Tag Archives: UNL Extension

 As part of ongoing efforts to support those affected by recent flooding, Nebraska Extension county offices across the state have moisture meters available for homeowners to borrow to monitor the moisture content of flooded materials.

 

It can take weeks or months to dry a house to the point where repairs can be made. It’s common for homeowners to discover large amounts of mold in walls months after a flood because they didn’t wait for the structure to dry before making repairs. The moisture level of structures cannot be determined by appearance or time spent drying, so a calibrated meter is recommended to measure moisture levels before rebuilding.

 

“It’s important to wait until wood and other materials dry out before attempting to repair a flood-damaged home,” said Dave Varner, associate dean with Nebraska Extension. “Renovating too soon could trap moisture, leading to rotting and promoting the growth of mold.”

 

One-hundred-fifty moisture meters have been distributed to extension offices throughout Nebraska and more are on the way. Homeowners wanting to borrow a meter are encouraged to contact their county office. Instructions for using the meter will be provided upon checkout.

 

Access to moisture meters is just one of the many ways that Nebraska Extension is helping Nebraskans recover from the flood. For more information and flood-related resources for individuals and families, homeowners, businesses, and farmers and ranchers, visit https://flood.unl.edu.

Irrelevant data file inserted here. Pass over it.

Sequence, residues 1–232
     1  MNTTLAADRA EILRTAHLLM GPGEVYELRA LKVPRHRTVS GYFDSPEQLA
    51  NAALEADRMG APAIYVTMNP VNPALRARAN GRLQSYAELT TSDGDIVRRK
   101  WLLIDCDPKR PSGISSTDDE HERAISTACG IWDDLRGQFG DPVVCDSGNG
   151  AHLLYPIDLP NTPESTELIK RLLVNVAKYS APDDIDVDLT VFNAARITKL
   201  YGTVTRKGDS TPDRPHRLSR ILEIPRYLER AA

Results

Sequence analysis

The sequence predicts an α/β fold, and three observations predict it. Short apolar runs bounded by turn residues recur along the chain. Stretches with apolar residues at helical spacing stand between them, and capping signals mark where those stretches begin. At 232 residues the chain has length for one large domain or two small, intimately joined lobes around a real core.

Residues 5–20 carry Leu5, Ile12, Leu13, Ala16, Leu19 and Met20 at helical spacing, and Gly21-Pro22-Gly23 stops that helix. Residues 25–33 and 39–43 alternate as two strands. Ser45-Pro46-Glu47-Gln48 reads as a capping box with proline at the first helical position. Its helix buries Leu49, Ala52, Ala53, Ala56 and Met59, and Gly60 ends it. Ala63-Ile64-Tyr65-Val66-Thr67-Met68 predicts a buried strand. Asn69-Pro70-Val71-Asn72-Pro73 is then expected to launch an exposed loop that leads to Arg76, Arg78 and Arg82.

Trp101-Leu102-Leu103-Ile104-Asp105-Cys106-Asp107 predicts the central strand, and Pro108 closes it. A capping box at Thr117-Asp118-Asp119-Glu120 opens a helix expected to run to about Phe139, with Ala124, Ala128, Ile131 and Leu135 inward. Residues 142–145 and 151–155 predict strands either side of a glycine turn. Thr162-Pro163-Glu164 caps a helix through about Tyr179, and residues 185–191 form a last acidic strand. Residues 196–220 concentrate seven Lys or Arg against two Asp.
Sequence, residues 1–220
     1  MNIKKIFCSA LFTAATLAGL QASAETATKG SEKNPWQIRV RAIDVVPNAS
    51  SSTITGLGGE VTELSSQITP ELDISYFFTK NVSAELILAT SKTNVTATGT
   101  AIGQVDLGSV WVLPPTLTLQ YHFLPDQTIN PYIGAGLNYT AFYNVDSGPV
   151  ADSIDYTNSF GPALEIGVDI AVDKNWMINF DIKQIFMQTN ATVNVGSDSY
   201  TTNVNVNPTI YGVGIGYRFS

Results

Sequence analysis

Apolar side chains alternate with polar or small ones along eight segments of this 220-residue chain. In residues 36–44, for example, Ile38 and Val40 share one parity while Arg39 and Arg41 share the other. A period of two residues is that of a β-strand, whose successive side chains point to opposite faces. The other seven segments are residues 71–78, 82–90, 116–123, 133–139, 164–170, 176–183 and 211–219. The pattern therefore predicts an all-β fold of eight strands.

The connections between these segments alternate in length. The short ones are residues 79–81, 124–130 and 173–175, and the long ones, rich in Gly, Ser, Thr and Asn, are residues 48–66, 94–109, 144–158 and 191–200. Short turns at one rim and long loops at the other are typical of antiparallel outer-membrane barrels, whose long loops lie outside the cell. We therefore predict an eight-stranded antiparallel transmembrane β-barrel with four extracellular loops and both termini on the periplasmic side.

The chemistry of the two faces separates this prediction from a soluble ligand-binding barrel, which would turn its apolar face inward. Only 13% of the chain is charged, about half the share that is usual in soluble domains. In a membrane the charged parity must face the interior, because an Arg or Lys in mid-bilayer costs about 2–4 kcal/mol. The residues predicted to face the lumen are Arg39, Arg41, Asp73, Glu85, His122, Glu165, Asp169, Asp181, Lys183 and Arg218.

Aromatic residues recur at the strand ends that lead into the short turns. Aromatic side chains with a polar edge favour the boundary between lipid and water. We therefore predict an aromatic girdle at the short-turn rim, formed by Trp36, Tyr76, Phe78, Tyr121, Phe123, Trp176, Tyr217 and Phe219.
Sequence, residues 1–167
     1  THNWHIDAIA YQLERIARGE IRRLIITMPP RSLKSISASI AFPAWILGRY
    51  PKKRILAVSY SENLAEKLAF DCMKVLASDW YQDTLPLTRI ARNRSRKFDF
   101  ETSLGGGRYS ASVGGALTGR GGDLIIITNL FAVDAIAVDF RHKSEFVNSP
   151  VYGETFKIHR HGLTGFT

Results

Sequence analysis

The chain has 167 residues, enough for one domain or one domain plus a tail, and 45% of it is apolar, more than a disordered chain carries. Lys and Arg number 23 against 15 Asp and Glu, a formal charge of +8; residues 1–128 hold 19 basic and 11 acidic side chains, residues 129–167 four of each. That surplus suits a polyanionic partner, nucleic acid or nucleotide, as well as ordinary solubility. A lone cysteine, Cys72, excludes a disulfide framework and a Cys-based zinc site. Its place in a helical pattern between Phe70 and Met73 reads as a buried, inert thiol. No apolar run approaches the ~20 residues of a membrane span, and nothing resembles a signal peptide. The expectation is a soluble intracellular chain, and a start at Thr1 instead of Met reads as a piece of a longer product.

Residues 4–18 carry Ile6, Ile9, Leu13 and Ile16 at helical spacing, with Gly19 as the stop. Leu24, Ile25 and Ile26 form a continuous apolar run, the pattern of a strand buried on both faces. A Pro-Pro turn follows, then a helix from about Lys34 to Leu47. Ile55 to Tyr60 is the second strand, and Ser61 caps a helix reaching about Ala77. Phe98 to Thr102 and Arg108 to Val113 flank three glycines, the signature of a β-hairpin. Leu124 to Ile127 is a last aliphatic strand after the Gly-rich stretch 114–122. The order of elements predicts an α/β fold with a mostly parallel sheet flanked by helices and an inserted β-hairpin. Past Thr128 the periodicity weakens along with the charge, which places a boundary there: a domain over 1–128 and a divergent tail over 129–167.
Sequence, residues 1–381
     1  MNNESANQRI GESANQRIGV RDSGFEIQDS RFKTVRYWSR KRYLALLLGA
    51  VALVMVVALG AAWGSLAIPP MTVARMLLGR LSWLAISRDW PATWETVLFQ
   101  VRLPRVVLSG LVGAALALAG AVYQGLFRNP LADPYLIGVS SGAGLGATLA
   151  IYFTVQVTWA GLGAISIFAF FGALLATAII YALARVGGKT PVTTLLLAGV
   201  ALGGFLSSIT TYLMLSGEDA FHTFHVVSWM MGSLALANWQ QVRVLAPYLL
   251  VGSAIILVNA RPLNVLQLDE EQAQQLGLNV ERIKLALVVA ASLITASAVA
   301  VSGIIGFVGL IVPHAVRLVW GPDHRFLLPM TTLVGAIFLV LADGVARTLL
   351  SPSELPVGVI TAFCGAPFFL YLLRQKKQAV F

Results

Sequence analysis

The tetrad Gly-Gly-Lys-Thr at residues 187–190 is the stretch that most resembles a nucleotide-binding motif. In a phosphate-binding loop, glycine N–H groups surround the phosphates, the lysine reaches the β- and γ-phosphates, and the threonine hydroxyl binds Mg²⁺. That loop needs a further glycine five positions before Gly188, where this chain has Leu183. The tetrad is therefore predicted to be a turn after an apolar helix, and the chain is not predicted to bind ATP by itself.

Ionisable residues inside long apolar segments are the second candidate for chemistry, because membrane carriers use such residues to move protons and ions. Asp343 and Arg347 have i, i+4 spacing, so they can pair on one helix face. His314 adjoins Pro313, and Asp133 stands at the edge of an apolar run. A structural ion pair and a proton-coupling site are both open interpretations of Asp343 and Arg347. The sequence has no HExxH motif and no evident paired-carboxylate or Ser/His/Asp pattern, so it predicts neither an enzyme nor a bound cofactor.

Members of the Central States Center for Agricultural Safety and Health in the University of Nebraska Medical Center College of Public Health will provide a tractor safety course May through July in 12 towns across Nebraska. In partnership with Nebraska Extension, the course provides extensive training on tractor and all-terrain vehicles safety with a variety of hands-on activities. 

 

Instilling an attitude of ‘safety first’ and respect for agricultural equipment are primary goals of the Nebraska Extension Tractor Safety & Hazardous Occupations Course for those 14 and 15 years old who work on farms. Those under age 14 are not eligible to take the course. 

 

Federal law prohibits children under 16 years of age from using certain equipment on a farm unless their parents or legal guardians own the farm. However, certification received through the course grants an exemption to the law allowing 14- and 15-year-olds to drive a tractor and to do field work with certain mechanized equipment. 

 

The most common cause of agricultural-related deaths in Nebraska is overturned tractors and ATVs, said Susan Harris-Broomfield, University of Nebraska Extension educator in Kearney and Franklin counties. 

 

Cost of the course is $60 and includes educational materials and instruction, supplies and lunch. 

 

The first day of class will cover the required elements of the National Safe Tractor and Machinery Operation Program, hands-on participation, concluding with a written test, which students must pass to attend the second day of training. 

 

The second day of training will include a driving test and equipment operation and ATV safety lessons. Classes begin at 8 a.m. both days.